Australia’s national association of grape and wine producers has expressed its disappointment after learning its opposition to Italy’s effort to register Prosecco as a geographic indication (GI) has been dismissed, but says the battle is not over.
Italy’s Consorzio di Tutela della Denominazione di Origine Controllata Prosecco sought to register Prosecco as a GI with the Intellectual Property Office (SIPO) of Singapore for wines originating from certain areas of the country.
Australian Grape and Wine (AGW) opposed the application on two grounds under Singapore’s Geographical Indications Act (GIA): that Prosecco is the name of a plant variety and is likely to mislead consumers as to the true origin of the product, and that Prosecco does not meet the definition of a GI in the Act.
AGW chief executive Tony Battaglene said that while the determination by the SIPO Registrar was disappointing, there were a number of factors that “remain to be determined” as part of the outcome. First, the process was yet to be finalised, Battaglene said.
“As is afforded to us under the legislation, we have formally sought the full grounds of the decision from SIPO,” he said.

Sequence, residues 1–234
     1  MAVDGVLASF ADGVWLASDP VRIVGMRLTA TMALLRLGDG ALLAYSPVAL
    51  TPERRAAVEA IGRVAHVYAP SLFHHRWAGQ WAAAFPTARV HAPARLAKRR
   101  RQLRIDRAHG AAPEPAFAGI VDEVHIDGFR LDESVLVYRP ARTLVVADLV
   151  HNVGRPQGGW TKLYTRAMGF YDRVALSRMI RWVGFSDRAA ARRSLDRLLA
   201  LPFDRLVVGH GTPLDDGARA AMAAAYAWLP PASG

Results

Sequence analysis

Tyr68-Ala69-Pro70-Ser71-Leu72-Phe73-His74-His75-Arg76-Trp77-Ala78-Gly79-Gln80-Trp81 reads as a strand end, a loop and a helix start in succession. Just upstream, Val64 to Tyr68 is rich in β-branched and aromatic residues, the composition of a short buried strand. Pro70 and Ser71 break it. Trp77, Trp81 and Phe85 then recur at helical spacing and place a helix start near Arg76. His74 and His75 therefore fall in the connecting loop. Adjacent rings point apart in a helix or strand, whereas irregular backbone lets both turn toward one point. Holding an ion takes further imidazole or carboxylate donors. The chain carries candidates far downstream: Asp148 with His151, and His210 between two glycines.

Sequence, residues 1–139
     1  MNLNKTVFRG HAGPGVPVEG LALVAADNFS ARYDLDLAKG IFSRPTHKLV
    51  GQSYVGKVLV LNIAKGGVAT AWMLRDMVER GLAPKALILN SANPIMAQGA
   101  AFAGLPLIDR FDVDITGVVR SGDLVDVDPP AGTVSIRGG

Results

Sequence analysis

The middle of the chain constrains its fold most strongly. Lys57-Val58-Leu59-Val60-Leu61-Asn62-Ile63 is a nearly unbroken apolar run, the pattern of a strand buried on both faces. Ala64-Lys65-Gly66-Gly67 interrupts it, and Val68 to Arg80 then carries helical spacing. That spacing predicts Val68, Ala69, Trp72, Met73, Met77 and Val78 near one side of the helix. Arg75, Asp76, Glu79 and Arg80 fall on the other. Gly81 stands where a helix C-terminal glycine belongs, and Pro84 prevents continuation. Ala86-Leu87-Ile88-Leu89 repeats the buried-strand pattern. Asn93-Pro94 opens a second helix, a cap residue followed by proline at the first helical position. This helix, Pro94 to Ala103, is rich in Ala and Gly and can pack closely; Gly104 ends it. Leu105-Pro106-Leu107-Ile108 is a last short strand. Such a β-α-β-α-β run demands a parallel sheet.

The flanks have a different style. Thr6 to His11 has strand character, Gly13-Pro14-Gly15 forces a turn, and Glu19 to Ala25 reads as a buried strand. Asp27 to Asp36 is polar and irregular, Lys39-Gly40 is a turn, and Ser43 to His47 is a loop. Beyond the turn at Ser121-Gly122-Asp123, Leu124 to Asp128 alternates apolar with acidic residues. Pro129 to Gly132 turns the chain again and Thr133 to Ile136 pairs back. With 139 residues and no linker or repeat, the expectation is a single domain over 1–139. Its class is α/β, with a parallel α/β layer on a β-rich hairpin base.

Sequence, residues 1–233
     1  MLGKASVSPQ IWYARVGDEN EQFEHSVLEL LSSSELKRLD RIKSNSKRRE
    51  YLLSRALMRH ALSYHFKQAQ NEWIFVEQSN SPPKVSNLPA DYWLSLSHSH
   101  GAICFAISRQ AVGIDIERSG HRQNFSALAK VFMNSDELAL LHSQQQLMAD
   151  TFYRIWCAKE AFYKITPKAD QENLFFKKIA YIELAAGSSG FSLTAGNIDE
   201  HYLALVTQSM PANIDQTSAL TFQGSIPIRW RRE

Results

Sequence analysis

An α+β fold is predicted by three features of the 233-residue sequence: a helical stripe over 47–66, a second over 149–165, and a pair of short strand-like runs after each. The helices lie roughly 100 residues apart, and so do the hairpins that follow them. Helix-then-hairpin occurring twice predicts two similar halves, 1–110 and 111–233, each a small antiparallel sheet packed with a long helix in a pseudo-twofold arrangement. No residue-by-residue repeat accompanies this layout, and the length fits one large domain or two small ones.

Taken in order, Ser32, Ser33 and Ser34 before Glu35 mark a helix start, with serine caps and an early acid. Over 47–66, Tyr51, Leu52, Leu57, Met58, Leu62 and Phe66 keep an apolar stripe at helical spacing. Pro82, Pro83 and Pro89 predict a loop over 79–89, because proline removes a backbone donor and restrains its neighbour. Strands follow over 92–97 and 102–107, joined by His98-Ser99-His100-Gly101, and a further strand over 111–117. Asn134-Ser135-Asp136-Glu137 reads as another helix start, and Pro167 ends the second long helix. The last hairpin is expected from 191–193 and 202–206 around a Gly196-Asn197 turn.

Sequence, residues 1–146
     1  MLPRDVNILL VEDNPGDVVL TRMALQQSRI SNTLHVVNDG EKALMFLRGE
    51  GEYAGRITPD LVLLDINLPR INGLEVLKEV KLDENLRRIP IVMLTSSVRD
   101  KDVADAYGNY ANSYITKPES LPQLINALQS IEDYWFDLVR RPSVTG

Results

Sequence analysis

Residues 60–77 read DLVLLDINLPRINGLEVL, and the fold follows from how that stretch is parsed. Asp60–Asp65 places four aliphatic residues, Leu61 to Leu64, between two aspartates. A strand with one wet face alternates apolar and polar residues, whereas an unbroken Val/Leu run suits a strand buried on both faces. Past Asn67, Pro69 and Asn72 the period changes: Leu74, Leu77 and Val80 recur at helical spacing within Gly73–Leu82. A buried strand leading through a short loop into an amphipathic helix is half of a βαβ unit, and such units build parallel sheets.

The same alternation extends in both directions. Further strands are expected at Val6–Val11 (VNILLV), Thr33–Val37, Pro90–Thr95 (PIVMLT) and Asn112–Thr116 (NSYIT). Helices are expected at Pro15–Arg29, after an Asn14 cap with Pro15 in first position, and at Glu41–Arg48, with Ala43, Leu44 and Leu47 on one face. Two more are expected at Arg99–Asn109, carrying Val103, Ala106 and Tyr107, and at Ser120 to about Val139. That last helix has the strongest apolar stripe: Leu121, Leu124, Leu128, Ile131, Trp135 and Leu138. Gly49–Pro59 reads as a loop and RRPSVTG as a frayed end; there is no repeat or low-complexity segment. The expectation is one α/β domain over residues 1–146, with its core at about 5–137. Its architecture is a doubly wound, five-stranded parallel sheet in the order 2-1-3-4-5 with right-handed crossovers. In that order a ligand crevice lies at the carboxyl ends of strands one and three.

“Once this is provided, we will also have the right to appeal the decision if we determine it is warranted. Furthermore, the registrar’s determination found ‘that ‘Prosecco’ is the name of a grape variety’, a fact that we continue to prove time and again across the world in an effort to protect our producers’ rights to continue to legitimately label grape varieties.
“Where these conflicts exist, and there are many, GI rights or indeed any rights, should not trump the legitimate rights to use the name of a grape variety on a label. This is the key point here.”
Battaglene said the SIPO Registrar’s determination concluded by acknowledging that it made no finding as to whether grapegrowers and winemakers in Australia can continue to use ‘Prosecco’ on their wines.
Battaglene said this meant the decision currently made “no difference to the legitimate use of the Prosecco grape variety on Australian wine labels in Singapore or anywhere else”.
“The decision only extends the ambiguity and confusion that is being created by the European Union’s (EU’s) efforts to force its GI regimes on other counties,” he said.
“It is yet another example of the EU continuing to exert its influence over countries in an attempt to distort trade in its favour. We are fighting this uphill battle against the deep pockets of the EU and its well subsidised regions to uphold the rights of smaller players like Australian wine producers and ensure they are afforded a level trading environment on which to compete where their rights are as important as the bigger trading nations.
“We respect and understand the value of geographic indications, as we have for many years with our own GIs, without conflict. We cannot, however, stand by while the legitimacy of GIs is used as a tool for restricting trade, removing our rights to use common grape varieties and we will continue to oppose such efforts globally.”
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